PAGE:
Back in those days, all this was a wilderness but in the seventies, a huge colony grew up south of the school area known as Besant Nagar, named after Annie Besant of England, who made India her home, and Indian tradition her way of life. She was of course a key figure in the Theosophy movement and in the campaign for what was called Home Rule for India. When in Besant school, we were taken every Thursday to a temple in the Theosophical Society for Bhajans, and I distinctly remember Tiger Varadachari, a great exponent of Carnatic Music used to sing there during Bhajan times. Tiger was also a teacher in the Kalakshetra and I have seen him tutor students under a tree in the true Gurukulam style.
Getting back to the story of my first ever visit to Meenambakkam aerodrome, all of us kids from the school were taken there to accord a warm welcome to Rukmini Devi on her return from one of her foreign tours. In those days, my father used to work in the Met Office just across the road from the aerodrome – that building still stands, though dwarfed by huge constructions that have cropped in the neighbourhood – and he took me once to see Lord Mountbatten arrive in Madras. This was just after Independence and Mountbatten was then the Governor General, having served earlier as the Viceroy, before the transfer of power. I still recall His Lordship arriving by his own plane, a York, given to him for his use by the British Governor. Mr. Archibald Nye was then the Governor of Madras, and he, of course, came to receive the GG. Very little security in those days and that is how my father was able to take me there. I also recall another such visit, and this was in 1948, soon after the fourth cricket test between India and the West Indies in Chepauk, a famous cricket ground and now a stadium named M.A. Chidambaram Stadium. That morning, the West Indies and Indian teams were flying off to Bombay I think, and there was not much of a crowd. I could easily move around and collect autographs of the big stars, all of whom are of course now no more.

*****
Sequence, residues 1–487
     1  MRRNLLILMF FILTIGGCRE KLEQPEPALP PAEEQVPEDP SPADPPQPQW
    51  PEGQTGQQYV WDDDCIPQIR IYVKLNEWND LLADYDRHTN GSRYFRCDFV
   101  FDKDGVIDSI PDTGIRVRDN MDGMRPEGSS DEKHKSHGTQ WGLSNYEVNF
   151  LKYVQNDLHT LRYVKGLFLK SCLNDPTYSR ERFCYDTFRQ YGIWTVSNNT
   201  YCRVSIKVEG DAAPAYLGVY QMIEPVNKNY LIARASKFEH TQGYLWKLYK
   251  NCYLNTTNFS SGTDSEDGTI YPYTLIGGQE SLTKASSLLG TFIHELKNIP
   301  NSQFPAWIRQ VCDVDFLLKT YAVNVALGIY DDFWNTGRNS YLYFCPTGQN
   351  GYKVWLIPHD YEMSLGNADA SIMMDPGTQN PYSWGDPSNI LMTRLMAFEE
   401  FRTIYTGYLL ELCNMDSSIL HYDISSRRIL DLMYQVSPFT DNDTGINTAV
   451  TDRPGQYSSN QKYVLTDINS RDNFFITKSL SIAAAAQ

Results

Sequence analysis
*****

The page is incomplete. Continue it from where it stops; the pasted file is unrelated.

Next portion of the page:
I am mentioning all this because I was eagerly looking forward to seeing how that old airport looked now but as it turned out, we taxied to a stop close to the domestic terminal of the new airport. Looking through the window I could see a car waiting for Swami, driven by Mr. V. Srinivasan, who wears many Sai hats, one of which is as the All India President of the Sri Sathya Sai Organisation of India. After the aircraft came to a halt, all of us exited through the rear door while the specially decorated elevator came to enable Swami to deplane. By this time, we were in the bus meant to take us to the terminal building, but fortunately before the bus started moving, we managed to see the elevator come down, and Swami drive off. I instigated one of the boys to take pictures with his video camera, while a member of the ground staff of Paramount Airways cautioned us about that being against the rules. That was true, of course, but then sometimes, the rules are downright stupid and we hoped that we would be granted Divine pardon for transgressing a silly man-made rule.